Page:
Three Steps to Optimize Marketing ROI
You also need to look at distribution and storage options in this stage. In some cases, it might be feasible to forego production of a printed piece and replace it with an electronic version. In other cases, you might find it advantageous to add a standing order to print a particular piece digitally, on demand, when physical inventory runs out, thereby avoiding out-of-stock situations and rush reprint charges. Electronic distribution and just-in-time printing also can dramatically reduce your storage and obsolescence costs.
All of these decisions are made with an eye on critical factors like shelf life, usage and reorder patterns, target markets and the value of the transaction, among others.
Step 3: Automate. The third step in communications optimization is to automate production, ordering and fulfillment. Virtually all fulfillment companies now offer Web-based interfaces that allow your marketing, sales and distribution personnel to order and track delivery of the materials they need online. Many vendors provide real-time reporting to enhance inventory management and decision-making. The best suppliers integrate all of these features along with design-on-demand and digital printing capabilities, backed by rules-based logic to ensure that only preapproved copy and graphics can be inserted into customizable fields, and that the selected copy and graphics are appropriate for the intended use and recipients. User access should be defined by department management, to ensure that all staff, field personnel and agents have what they need to do their jobs, while maintaining control at the chief marketing officer level.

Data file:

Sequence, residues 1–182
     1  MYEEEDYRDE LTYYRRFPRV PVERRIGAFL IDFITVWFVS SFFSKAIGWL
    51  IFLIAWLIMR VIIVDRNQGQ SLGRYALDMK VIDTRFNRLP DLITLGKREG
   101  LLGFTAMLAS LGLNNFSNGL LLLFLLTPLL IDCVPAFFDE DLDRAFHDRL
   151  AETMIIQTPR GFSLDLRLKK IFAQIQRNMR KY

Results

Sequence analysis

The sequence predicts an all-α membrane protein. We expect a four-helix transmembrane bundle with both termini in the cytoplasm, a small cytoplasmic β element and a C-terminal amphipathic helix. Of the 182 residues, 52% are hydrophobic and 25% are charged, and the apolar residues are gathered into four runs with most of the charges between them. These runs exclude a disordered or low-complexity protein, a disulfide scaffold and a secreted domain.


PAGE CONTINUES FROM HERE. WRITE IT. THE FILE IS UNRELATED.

It's important to note that communication optimization isn't a "one time and you're done" exercise. Instead, it provides a framework for continuous improvements in your marketing communications as you analyze results of current or ongoing campaigns, add new marketing initiatives, and address new needs and objectives over time.
Getting to "Yes"
If your company is suffering high costs for rush reprints, storage or waste, or getting lower than anticipated response and revenues from its marketing efforts, you may find it relatively easy to get management buy-in for a project of this scope. But less obvious situations may require some "selling" on your part, because of the time (several weeks to six months, depending on the size and complexity of your company's marketing program) and expense involved.